FIG. 2 is a side sectional view of an infeed station and flight of the conveyor taken generally along the line II--II of FIG. 1.

FIG. 3 is a top sectional view of the infeed station and flight of the conveyor taken generally along the line III--III of FIG. 1.

FIG. 4 is a sectional view of a top, horizontal transition portion of the conveyor taken generally along the line IV--IV of FIG. 1.

FIG. 5 is a perspective view of a flight of the conveyor.

FIG. 6 is a top sectional view of an outfeed station and flight of the conveyor taken generally along the line VI--VI of FIG. 1.

FIG. 7 is a side sectional view of a single flight of the conveyor system as it is positioned in a bottom, horizontal transition portion of the vertical conveyor system.

DETAILED DESCRIPTION OF THE PREFERRED EMBODIMENTS

In FIG. 1 there is illustrated a continuous motion vertical conveyor generally at 10 which comprises a support framework 12 consisting of a number of vertical support members 14 and a number of horizontal support members 16. A plurality of flights 18 are pivotally supported between a pair of endless chains 20, 22. A single motor 24 operates separate drive sprockets 26, 28 to drive the chains 20, 22 in a continuous circuitous manner.

An infeed conveyor 30 is positioned adjacent to an infeed station 32 which forms a part of the conveyor 10. The infeed station 32 has a short, horizontal, powered conveyor 34 and a fixed horizontal support 36 with an end stop 38. An outfeed conveyor 40 is positioned at a higher elevation and is positioned adjacent to an outfeed station 42 which forms part of the conveyor 10. The outfeed station has a short horizontal, powered, conveyor 44 and a fixed support surface 46 with an end stop 48.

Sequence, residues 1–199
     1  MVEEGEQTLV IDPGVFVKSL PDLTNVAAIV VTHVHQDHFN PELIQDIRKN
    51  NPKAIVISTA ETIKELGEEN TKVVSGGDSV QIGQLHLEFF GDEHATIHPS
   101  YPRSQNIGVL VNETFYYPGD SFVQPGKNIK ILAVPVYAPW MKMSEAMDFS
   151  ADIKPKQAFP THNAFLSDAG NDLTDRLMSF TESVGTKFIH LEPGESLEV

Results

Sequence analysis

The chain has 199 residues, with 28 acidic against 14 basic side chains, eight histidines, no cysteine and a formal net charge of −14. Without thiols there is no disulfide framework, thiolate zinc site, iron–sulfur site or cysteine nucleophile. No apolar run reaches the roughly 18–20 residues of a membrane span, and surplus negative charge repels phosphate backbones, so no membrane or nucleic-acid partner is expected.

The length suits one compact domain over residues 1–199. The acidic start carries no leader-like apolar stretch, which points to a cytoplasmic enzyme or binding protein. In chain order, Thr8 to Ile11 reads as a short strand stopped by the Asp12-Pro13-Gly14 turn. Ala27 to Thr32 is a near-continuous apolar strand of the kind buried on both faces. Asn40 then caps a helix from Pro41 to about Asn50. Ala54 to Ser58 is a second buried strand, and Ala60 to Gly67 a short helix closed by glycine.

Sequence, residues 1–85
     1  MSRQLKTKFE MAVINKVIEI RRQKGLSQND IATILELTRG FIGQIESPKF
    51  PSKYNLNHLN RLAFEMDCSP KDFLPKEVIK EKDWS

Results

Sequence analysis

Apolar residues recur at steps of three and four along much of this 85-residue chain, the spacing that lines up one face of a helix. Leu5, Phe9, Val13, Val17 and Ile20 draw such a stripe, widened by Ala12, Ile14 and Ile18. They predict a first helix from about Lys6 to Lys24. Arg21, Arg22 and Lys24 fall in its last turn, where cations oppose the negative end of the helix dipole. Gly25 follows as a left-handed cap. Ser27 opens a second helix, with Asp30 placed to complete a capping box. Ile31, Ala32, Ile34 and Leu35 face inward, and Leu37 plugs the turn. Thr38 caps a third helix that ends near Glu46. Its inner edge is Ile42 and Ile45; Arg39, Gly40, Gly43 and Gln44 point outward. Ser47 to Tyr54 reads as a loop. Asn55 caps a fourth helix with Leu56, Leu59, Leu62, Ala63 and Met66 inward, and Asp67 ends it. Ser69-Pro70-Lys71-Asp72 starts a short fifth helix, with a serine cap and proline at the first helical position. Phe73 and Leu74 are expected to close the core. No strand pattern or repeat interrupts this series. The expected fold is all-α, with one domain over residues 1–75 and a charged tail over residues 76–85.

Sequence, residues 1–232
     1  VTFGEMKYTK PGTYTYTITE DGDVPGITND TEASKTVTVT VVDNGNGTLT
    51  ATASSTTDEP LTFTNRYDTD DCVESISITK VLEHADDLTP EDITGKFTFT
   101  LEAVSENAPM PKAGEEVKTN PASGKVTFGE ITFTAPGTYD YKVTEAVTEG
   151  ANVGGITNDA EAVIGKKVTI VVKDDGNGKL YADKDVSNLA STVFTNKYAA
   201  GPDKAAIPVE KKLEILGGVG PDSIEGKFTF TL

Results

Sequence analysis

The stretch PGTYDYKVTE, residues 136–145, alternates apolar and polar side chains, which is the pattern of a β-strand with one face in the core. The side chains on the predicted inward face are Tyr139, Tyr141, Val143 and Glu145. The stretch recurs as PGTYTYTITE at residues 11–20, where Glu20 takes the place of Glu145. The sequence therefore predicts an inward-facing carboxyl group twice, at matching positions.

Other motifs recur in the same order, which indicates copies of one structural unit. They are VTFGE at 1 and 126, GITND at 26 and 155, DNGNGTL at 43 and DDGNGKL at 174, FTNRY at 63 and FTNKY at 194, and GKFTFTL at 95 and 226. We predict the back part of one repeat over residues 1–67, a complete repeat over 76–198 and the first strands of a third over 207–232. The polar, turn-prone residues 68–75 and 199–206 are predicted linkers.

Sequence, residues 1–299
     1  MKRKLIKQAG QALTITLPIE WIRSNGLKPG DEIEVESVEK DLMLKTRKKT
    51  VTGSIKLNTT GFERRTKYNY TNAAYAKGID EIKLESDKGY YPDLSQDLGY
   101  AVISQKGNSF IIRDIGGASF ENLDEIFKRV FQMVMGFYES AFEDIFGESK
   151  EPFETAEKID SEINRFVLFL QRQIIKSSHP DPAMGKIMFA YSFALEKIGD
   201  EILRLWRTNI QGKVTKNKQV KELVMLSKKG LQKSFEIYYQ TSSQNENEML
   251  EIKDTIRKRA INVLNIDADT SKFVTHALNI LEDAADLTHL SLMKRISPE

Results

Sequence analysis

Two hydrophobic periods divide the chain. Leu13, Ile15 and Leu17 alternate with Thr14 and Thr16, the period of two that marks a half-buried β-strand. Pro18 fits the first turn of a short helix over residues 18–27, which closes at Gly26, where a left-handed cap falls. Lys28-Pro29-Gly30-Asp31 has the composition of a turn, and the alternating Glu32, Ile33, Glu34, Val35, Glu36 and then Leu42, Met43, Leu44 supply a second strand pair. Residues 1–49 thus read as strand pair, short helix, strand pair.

The infeed station 32 is shown in greater detail in FIGS. 2 and 3 where it is seen that the short powered conveyor 34 may comprise a plurality of individual and spaced belts 54 which are each supported on a pair of rollers 56, 58. The rollers 58 are connected by appropriate means, such as a spline or keyed connection, to a shaft 60 which in turn is connected to a drive pulley or sheave 62 driven by a motor 63 having an output shaft 64 carrying a pulley or sheave 65. A drive belt 66 is carried on the sheaves 62, 65. The rollers 56 are free wheeling and are supported by a stub shaft 68 on an arm 70 which is cantilevered out from a horizontal frame member 16. The entire horizontal frame member can be adjusted vertically through adjustable securing means 72 such as bolts carried in a channel, the channel forming a portion of the vertical support frame 14. The shaft 60 is supported by bearing mounts 80, 82 which are secured to the same, vertically adjustable horizontal frame member 16.

A pair of guide rods 84 are positioned to extend horizontally at the infeed station 32 to guide materials from the infeed conveyor 30 onto the short powered conveyor 34, the horizontal support 36 and against the end stop 38 and to assure that the materials will align with the flight 18 which interleaves with the infeed station 32.

The flight 18 has a generally rectangular horizontal surface 90 forming a horizontal platform which has relieved or recessed areas 92 providing clearance for the short conveyor belts 54 and support arms 70. In this manner, the flight 18 interleaves with the conveyor belts 54 as the flight 18 makes its continuous movement past the infeed station 32.

Opposite the powered conveyor 34 are the support arms 36 which are attached to the end stop 38. The end stop 38 is secured to vertical frame members 14 by adjustable fastening means 94. The support arms 36 extend toward the infeed powered conveyor 34, but are laterally spaced relative thereto. The flight 18 has additional relief or recessed areas 96 to prevent interference between the flight 18 and the support arms 36 so that the flight may pass unhindered through the infeed station 32.